Angel Island State Park is definitely a hidden gem in California. In fact, it's so hidden that it can only be reached by boat or ferry -- which means it's a peaceful getaway, right in the San Francisco Bay. From the top of the mountain, you can see all the way into Alcatraz Island, Sonoma, Napa and San Jose (on a clear day, of course)-- and you can imagine how gorgeous the view of the Golden Gate Bridge is. But there's a lot more to this little island escape than scenery -- it's got a fascinating (and sometimes sad) history.
The island got its name from Spanish explorer Juan de Ayala in 1775, when he anchored his ship just off the island in a cove now known as Ayala's Cove. Its role in American history began during the Civil War, when the Union Army built naval batteries and a garrison on the island to ward off any potential Confederate attacks on San Francisco. After the war, the garrison came in handy during the government's campaigns against the Native Americans in the West.
The island also housed a quarantine station, a discharge depot for returning troops, and an immigration station known as the "Ellis Island of the West". The station, which operated from 1910 to 1940, when the administration building burned down, processed over 1 million immigrants, mostly from Asia. However, unlike the many European immigrants who came through Ellis Island with relatively few problems, thousands of hopeful American citizens who came through Angel Island had an incredibly difficult time making it through, thanks to the Chinese Exclusion Act of 1882. Some were sent back, while others spent months, even years, confined to the barracks at the station, waiting for approval to enter the country. In order to cope with the soul-crushing wait and uncertainty, some carved poetry into the walls of the barracks in their native languages. The immigration officials didn't take too kindly to this, and had the walls covered over with putty as many as seven times -- but each time the putty wore off, once again revealing the beautiful artwork and heartrending poetry, which visitors can still visit today.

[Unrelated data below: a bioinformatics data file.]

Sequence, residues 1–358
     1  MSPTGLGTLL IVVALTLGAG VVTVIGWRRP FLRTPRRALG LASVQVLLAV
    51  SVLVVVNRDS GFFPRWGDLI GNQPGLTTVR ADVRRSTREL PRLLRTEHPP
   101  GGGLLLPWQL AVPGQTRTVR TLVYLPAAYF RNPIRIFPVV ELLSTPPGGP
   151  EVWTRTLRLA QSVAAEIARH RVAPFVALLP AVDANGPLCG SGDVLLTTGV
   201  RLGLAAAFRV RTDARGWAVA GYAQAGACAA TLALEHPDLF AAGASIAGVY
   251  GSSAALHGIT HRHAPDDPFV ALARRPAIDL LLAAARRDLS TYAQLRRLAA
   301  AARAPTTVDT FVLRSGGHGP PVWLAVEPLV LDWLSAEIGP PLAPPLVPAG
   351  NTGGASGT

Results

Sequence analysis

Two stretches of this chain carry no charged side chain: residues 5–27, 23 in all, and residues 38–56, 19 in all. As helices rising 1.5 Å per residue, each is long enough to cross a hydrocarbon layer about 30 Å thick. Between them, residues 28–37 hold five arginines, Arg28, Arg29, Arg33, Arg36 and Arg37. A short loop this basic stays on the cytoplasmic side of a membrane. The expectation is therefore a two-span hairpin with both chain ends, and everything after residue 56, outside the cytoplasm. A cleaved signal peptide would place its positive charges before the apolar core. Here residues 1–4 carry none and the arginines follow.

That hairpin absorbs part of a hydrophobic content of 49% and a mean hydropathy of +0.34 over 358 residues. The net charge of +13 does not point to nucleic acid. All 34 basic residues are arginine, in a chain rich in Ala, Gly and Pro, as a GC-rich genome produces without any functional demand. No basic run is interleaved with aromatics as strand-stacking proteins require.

In 1954, a Nike missile station was installed on the island. The top of Mount Caroline Livermore was chopped off and the associated radar and tracking station was installed there. In 1962, the missiles were removed and the military finally left the island for good -- and although the radar and tracking station was removed and the mountaintop was restored, the launchpad still remains.
The island, with its rich history and natural beauty, is just waiting to be explored!